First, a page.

During a quarrel there is no turn-order. Everyone can buy or not buy dice as long as they want, and the maximum number of 3 dice is not exceeded. So everyone can react to what the other people do. Once bought, however, dice may not be bought again. So you have to decide how many you want when you originally buy them. In the same manner, once a card is turned face-down, it can not be changed.
As soon as everyone has made their final decision whether or not to buy any dice, the quarrel is carried out. All participating players turn over their cards, roll their dice (if they bought any), and total their score. The player with the highest total wins the quarrel.
It can happen that 2 or more players end up with the same highest quarrel number. In this case, another quarrel occurs between those tied people. All previously played cards are removed from the game, the dice are given back, and a new quarrel ensues.
The quarrel goes on until a victor is determined.
It can of course be the case that more than one quarrel occurs in a round (ie. a quarrel over the red apple, and one over the blue). These quarels are carried out one after the other. These different quarrels can be carried out in any order.
Should there not be enough dice for a quarrel, the players simply roll the dice one after another.
The quarrel cards are used once and then removed from the game.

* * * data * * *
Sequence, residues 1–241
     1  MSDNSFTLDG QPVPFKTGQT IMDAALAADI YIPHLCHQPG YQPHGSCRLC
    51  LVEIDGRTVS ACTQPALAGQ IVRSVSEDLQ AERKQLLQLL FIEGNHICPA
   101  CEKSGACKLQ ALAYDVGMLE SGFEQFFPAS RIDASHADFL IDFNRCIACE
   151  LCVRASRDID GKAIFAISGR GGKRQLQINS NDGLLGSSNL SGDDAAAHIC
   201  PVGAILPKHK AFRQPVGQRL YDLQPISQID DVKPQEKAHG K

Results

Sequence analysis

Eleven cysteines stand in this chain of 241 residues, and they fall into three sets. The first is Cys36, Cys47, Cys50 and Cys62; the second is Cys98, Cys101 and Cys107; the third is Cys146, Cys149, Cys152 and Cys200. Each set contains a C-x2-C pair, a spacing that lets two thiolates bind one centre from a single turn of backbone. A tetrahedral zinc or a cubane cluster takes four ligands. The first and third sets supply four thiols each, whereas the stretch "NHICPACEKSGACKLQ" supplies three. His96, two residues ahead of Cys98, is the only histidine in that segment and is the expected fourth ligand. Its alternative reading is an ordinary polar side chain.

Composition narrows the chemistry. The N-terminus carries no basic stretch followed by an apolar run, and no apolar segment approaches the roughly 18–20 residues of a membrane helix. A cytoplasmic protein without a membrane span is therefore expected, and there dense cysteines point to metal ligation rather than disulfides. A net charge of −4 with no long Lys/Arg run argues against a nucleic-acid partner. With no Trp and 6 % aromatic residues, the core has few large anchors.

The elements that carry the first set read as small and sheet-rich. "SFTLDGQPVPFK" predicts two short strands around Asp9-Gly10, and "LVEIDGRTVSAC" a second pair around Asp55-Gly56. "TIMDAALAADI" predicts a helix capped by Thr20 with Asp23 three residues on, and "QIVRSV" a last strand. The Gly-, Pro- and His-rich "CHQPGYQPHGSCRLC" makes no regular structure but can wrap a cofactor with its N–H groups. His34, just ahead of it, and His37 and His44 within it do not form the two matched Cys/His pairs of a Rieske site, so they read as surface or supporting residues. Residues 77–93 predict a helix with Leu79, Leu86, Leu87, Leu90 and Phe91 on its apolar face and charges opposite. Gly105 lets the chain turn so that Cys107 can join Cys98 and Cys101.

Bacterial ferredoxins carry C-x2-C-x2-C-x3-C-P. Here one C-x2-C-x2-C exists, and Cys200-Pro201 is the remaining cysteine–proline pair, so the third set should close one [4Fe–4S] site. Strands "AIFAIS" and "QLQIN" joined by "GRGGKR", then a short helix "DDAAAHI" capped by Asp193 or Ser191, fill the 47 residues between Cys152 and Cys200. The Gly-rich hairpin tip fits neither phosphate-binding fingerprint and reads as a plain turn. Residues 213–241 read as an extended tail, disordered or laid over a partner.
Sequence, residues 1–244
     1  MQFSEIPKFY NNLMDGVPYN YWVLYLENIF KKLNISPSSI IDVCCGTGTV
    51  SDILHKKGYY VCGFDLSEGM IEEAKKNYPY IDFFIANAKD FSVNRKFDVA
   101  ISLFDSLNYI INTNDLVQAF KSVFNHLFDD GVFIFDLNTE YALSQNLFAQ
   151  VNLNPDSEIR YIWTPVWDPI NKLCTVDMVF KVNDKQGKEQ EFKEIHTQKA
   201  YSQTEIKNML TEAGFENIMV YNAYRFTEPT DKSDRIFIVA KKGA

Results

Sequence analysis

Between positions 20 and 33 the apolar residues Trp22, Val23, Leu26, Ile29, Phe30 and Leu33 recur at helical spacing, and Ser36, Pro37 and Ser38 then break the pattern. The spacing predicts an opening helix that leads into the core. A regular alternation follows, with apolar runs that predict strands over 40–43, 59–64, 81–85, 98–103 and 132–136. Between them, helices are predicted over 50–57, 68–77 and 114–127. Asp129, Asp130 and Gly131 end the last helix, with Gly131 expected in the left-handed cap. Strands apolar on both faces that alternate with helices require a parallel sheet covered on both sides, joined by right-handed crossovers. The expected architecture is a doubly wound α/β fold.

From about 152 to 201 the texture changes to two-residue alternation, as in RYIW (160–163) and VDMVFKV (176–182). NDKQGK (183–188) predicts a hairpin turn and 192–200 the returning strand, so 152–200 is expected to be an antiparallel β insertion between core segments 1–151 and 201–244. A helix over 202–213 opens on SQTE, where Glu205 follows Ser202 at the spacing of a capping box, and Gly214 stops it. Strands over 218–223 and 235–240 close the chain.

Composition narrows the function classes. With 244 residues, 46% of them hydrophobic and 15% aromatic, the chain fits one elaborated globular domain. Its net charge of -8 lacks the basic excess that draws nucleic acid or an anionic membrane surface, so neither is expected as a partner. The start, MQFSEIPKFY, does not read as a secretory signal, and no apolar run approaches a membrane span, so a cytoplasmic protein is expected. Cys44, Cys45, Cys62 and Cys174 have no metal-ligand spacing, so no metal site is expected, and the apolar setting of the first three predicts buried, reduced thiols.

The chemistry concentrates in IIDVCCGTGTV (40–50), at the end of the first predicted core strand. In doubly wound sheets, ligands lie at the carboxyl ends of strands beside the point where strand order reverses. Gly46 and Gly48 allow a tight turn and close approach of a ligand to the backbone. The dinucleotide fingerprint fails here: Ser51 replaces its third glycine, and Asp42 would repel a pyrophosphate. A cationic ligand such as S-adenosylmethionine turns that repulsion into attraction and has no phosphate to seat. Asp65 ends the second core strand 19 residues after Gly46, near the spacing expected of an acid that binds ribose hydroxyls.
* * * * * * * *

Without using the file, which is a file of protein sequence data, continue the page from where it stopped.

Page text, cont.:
Only one quarrel card may be played in each quarrel.
After a player's tenth quarrel, he will have no more cards to play, but he may still buy dice, and therefore win the quarrel that way.
Example: Player 1 plays an 8 face-down. Player 3 plays his highest remaining card, a 6. Because he believes his card is lower, he buys a die. Now it is up to player 1, who could lose with his 8 card, and so he buys 1 die. The dice are expensive, so he trusts to his luck, and decides against a second die, and hopes that he can roll better.
Player #1 rolls a 3, player #3 rolls a 4. Player #1 wins the quarrel. He had a total of 11 points compared to 10 for player #3. Had player #3 rolled a 5, both played cards are removed from the game, and the dice would have been given back. And the quarrel would have begun again.
Often the players feel that the mayor would be better if he was moved in another direction. Every player can therefore try to bribe the starting player with up to 2 points. to change his mind and move the mayor to another parcel. If the a bid of a player is high enough, and the starting player is agreeable, the mayor is taken off of the previous parcel and moved to the one the bribing player wants.